With sowing in many parts of the country well and truly under way, and in some cases done and dusted, the research team has been busy looking at tow-behind or tow-between commodity carts in Western Australia, New South Wales and Victoria.
Capacities continue to increase with 20,000-30,000 litres or more now commonplace – a trend which has seen the likes of John Deere needing to up its game with the 2018 release of the C850 carts which can handle 30,000 litres.
Improvements in design also continue and the past couple of years has seen an emphasis on walkways, platforms, rails and access as well as drive mechanisms which appear to favour hydraulic or electric systems. Of the dozen commodity carts inspected, it was pleasing to see the improvements to ladders and access which is an important part of safety on farm.
This has also extended to the use of automatic bin lid opening and closing, remote control augers and conveyors, internal bin sensors and fill height warning lights, which all aim to keep people from actually being on the cart at all.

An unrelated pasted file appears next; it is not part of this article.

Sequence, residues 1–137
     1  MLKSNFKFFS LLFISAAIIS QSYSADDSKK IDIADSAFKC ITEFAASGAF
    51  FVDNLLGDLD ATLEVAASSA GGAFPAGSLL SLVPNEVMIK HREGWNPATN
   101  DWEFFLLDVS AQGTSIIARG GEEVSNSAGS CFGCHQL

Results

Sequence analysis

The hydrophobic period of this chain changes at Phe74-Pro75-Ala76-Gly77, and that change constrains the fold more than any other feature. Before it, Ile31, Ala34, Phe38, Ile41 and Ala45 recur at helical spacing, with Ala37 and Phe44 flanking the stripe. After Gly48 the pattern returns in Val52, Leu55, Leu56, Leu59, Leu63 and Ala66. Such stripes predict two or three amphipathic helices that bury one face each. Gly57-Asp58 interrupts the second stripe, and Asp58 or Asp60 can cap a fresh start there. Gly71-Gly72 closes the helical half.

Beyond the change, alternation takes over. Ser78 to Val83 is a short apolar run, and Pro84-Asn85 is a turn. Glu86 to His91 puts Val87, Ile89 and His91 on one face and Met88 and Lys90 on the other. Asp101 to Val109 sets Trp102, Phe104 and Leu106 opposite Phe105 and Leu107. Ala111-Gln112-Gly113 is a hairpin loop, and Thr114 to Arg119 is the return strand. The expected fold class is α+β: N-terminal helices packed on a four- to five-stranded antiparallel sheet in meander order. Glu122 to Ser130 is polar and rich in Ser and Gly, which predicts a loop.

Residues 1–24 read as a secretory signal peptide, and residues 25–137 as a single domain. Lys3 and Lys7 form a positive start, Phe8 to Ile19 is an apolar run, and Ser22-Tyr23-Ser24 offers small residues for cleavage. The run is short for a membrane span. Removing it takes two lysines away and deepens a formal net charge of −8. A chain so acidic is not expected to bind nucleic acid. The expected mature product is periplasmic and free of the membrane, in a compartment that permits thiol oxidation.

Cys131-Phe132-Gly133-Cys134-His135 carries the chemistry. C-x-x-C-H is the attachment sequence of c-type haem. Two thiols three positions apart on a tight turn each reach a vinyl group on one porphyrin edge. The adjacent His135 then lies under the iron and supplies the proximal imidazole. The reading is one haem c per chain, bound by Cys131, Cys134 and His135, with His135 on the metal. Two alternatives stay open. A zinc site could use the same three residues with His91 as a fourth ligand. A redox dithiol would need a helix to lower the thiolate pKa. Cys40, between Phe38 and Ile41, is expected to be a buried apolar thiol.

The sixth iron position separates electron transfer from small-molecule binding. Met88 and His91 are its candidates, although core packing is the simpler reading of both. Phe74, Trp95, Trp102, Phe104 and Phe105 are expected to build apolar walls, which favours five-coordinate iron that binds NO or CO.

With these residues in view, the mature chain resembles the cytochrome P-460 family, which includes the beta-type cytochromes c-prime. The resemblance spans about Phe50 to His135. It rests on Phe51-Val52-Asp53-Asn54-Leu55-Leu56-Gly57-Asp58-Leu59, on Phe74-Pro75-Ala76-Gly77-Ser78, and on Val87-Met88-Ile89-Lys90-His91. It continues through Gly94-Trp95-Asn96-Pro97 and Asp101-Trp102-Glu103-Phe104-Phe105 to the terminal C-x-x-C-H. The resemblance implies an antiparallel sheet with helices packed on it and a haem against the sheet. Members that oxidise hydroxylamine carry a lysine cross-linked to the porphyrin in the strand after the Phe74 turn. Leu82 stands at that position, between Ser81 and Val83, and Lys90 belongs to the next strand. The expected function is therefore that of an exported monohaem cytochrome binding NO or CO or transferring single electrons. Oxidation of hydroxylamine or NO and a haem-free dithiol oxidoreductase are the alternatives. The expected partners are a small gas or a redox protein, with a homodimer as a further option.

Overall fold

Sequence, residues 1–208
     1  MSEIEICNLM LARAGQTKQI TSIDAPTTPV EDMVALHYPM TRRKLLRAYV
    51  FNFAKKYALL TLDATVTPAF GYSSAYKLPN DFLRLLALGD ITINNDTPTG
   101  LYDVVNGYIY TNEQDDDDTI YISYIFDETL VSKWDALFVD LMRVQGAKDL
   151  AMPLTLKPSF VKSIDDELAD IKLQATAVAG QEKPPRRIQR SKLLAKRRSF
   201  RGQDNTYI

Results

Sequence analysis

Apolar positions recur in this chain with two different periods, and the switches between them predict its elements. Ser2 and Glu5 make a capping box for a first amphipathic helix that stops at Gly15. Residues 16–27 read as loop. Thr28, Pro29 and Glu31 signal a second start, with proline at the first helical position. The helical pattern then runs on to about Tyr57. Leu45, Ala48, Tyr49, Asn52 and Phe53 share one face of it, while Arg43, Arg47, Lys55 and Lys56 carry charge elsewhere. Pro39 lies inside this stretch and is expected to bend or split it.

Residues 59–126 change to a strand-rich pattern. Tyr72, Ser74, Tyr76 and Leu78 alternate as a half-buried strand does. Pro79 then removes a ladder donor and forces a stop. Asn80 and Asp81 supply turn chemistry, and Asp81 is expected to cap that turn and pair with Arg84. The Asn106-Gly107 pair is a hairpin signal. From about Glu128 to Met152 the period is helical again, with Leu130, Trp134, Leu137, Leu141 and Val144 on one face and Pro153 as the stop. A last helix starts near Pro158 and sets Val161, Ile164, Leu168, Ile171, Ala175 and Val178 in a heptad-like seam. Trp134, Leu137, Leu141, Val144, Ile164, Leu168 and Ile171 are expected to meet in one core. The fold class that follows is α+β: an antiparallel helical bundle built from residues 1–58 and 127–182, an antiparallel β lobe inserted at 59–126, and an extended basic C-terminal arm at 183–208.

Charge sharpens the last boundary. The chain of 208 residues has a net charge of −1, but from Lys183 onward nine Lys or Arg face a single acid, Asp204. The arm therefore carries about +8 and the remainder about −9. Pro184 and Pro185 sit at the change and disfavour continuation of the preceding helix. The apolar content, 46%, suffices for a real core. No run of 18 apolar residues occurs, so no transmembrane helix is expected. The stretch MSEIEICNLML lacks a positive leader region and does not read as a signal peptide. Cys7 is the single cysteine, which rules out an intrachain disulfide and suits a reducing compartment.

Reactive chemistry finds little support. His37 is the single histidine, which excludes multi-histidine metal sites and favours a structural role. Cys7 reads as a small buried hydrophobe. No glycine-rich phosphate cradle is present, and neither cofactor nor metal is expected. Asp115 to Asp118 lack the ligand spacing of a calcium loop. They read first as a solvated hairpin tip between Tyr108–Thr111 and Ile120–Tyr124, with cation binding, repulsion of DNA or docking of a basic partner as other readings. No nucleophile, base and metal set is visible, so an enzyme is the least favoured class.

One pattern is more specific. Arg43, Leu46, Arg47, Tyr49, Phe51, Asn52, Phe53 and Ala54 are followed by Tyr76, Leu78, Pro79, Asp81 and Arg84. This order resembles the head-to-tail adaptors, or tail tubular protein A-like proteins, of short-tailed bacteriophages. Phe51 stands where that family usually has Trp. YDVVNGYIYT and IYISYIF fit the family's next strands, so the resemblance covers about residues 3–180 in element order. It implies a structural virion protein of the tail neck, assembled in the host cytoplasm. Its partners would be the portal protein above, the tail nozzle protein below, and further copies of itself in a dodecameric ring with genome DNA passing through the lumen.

Ease of calibration of the carts has also improved in line with the development of hydraulic and electric drive systems and while there is usually no back up if these systems fail, it is rare to hear of major issues with hydraulics or electrics for metering control.
Manufacturers such as Seed Hawk have even now moved to being able to control most of the cart’s functions though an iPad.
But for the diehards, ground drive is still an option on several key brands such as Simplicity.
In general, calibration is run through the cart’s controller or terminal in the tractor cabin and it’s also more readily available on the cart itself. Most manufacturers will supply the cart with scales and a made-to-fit bag or tray.
It’s recommended to do two or three calibration samples per bin to make sure the delivery rate will be accurate.
From the carts inspected, most were within 1-1.5% accurate to the calibration.
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